4 ways to avoid obesity in your dog

Published by:

Obesity is a common problem among Australian pets and is generally caused by feeding your pet more than he or she requires. Weight-related health issues can severely affect your dog’s quality of life, so during Pet Obesity Awareness Day, we want to help give you the knowledge you need to keep your dog at a healthy weight.

Let’s Get Physical

Regardless of breed or size, healthy dogs require exercise at least once a day. Factoring play time, off-leash runs, a walk or other physical activity into your daily routine is a fantastic way to ensure they get the exercise they need. 

You may have a large backyard that provides space to move and run, but keep in mind this is not a substitute for regular walks, as socialising with friendly dogs and humans is also an important factor of keeping your dog healthy. Always supervise them when off-leash, and ensure you have control over your dog.

With summer fast approaching, it is best to avoid exercising your dog during high temperatures or in the middle of the day – this is especially true for flat-faced dogs, such as pugs and bulldogs, that aren’t always able to cool themselves as well.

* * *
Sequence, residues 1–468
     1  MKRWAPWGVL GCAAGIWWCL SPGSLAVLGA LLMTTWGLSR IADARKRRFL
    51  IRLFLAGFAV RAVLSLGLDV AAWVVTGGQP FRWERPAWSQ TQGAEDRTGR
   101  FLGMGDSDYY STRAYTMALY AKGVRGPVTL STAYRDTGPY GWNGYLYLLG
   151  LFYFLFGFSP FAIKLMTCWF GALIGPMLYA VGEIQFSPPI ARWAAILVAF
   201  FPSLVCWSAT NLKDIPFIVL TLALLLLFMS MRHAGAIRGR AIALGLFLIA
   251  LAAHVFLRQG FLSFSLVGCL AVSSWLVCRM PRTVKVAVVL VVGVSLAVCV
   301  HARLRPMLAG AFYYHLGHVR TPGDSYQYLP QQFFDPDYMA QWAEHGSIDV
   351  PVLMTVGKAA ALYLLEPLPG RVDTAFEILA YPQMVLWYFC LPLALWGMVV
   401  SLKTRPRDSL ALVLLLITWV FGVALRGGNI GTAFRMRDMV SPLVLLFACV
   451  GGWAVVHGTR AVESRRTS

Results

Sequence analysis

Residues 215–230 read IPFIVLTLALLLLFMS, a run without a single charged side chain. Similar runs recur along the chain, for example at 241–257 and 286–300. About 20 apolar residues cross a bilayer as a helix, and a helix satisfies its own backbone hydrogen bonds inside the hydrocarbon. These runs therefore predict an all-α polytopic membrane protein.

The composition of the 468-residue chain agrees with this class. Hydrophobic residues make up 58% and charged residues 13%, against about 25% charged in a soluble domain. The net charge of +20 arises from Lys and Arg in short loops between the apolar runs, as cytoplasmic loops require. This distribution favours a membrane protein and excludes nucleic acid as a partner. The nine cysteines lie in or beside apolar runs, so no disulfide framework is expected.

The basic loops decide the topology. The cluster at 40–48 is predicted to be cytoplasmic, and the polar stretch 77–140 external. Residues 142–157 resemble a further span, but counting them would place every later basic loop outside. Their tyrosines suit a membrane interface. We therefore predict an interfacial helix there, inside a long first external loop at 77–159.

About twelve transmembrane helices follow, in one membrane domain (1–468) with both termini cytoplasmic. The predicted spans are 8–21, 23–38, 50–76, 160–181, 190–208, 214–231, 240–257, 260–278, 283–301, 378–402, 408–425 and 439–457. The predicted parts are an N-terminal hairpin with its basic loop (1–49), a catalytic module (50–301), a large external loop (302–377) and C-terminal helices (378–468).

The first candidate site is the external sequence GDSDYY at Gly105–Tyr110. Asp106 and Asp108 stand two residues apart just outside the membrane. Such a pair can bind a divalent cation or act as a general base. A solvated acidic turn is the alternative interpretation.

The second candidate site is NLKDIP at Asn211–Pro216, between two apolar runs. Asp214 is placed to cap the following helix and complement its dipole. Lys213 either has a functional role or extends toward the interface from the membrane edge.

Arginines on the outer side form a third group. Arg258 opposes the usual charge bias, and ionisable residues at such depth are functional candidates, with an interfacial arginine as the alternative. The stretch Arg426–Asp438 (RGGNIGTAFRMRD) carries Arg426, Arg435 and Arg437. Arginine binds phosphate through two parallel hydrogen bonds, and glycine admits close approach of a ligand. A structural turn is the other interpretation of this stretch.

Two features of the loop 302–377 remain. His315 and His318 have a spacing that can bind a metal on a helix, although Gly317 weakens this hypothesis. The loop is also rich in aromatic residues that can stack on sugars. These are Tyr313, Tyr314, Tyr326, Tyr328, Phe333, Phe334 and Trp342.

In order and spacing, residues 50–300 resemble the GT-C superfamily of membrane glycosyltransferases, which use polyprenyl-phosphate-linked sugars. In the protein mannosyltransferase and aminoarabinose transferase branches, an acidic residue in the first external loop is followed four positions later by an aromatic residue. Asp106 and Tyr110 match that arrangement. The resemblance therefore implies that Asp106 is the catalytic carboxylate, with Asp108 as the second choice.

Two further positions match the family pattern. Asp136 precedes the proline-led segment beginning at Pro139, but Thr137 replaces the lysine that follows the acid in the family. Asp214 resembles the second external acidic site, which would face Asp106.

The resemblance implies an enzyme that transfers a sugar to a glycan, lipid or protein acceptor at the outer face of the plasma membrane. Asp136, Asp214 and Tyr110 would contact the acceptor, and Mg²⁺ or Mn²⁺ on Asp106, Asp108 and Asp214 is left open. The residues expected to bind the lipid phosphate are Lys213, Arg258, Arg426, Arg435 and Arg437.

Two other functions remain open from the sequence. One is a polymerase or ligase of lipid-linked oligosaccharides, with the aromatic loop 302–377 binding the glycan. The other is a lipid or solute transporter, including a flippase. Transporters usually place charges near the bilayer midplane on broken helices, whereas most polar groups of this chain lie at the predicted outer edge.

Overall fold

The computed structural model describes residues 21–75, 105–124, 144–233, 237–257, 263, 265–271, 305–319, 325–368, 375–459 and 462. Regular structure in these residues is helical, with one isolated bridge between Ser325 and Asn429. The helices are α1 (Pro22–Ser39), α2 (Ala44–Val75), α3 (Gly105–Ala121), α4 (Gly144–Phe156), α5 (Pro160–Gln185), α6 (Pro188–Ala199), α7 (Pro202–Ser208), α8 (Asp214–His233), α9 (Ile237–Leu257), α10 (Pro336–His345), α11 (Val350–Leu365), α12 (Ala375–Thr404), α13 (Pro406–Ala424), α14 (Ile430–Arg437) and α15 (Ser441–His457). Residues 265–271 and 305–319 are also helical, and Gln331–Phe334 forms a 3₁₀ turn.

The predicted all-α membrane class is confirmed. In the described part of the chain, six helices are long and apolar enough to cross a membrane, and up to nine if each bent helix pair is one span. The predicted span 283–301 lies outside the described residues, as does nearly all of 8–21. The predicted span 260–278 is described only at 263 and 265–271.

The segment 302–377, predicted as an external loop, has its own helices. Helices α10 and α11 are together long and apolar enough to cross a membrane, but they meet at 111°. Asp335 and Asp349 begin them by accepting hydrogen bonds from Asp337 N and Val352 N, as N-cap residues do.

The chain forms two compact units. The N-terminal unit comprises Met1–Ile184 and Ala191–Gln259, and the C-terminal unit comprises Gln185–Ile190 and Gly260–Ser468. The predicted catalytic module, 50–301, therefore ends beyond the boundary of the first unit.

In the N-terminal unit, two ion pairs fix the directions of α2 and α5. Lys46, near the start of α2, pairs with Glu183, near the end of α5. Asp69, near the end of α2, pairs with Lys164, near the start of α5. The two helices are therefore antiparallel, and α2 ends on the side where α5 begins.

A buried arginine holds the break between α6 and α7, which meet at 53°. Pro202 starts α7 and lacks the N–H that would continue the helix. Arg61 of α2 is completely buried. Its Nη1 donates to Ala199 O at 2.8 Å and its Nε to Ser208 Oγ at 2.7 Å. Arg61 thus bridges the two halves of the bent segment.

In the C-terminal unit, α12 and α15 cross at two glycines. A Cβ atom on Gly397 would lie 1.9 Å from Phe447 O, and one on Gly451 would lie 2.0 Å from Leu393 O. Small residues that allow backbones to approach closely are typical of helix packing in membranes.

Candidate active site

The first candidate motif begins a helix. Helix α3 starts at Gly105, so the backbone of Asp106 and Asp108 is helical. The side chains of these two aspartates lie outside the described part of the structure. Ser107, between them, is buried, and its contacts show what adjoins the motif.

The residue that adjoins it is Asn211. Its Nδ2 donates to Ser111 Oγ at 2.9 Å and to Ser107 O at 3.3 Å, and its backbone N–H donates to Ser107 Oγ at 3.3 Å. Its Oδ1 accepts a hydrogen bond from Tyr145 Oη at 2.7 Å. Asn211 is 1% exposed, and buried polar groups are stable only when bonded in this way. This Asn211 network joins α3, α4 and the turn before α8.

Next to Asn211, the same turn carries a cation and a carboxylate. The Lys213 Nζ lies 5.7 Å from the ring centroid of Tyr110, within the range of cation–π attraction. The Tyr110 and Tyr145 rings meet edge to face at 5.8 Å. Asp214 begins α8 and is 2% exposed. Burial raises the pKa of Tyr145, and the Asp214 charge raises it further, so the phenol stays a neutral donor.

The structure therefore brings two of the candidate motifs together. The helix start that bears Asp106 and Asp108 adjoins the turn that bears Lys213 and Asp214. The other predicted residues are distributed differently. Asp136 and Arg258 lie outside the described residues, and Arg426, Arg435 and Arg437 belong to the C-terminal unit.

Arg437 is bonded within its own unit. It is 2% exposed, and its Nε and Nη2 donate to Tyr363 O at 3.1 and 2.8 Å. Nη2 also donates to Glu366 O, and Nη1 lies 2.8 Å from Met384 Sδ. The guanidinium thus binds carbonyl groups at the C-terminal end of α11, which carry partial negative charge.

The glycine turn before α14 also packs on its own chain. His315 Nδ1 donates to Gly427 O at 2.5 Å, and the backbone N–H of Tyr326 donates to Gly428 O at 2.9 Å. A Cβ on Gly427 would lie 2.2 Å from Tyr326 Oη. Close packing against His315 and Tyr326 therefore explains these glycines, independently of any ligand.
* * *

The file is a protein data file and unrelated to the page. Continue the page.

Do note, dogs should not be exercised immediately before or after eating as it can cause problems such as bloat (which can be fatal), particularly in large ‘deep chested’ dogs such as Great Danes and German Shepherds, that have a very pronounced chest and rib cage.

Treats are a sometimes food

To ensure your pet is provided with a ‘balanced’ diet, you should feed your dog a high-quality premium commercial food, such Hill’s Pet Nutrition. Commercial dog food often has a guide on the back of the pack with an indication of how much food they need in a day. Your vet will also be able to help you calculate how much food your dog should be eating.

If you wish, you could also add other foods such as human-grade raw meat (e.g. lamb), raw meaty bones and some vegetables.  

If you want to feed treats, use:

·         a small portion of commercial dog food; or

·         an appropriate and safe morsel of ‘human food’ such as meat or vegetables; or

·         home-made treats, made under vet advice.

Always check if the treat is safe to feed. See our diet guide here.

However, iIf you have already recognised your dog may be overweight, even slightly, try to avoid giving treats as this might make the problem worse. Certainly, avoid high-calorie treats such as peanut butter or cheese.

Know how to spot a pudgy pooch

You can use this helpful scale from the World Small Animal Veterinary Association to determine whether your dog’s weight has become a cause for concern – be it under or overweight. Talk with your vet if you notice your pet is on either end of the scale.

Regular trips to the vet

Making sure your dog attends its annual and scheduled vet visits is a great way to stay on top of their health. Your vet will be able to check if your pooch’s diet is still appropriate, whether they are getting enough exercise, and spot any potential health issues.

Worried about your furry friend? If you start to have any concerns about your pet’s weight, or any health issues, always have a chat with your Vet.